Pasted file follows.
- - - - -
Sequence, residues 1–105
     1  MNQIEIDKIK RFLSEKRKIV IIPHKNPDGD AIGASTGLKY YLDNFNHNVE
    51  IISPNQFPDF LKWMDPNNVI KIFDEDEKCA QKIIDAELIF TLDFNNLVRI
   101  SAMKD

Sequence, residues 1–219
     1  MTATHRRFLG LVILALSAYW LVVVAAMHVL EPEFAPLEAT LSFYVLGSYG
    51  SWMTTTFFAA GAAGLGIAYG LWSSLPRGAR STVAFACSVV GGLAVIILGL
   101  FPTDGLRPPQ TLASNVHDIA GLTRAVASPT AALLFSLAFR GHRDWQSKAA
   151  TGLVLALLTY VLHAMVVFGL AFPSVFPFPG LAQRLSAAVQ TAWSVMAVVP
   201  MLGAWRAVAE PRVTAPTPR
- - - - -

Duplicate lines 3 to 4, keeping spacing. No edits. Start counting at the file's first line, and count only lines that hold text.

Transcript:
    51  IISPNQFPDF LKWMDPNNVI KIFDEDEKCA QKIIDAELIF TLDFNNLVRI
   101  SAMKD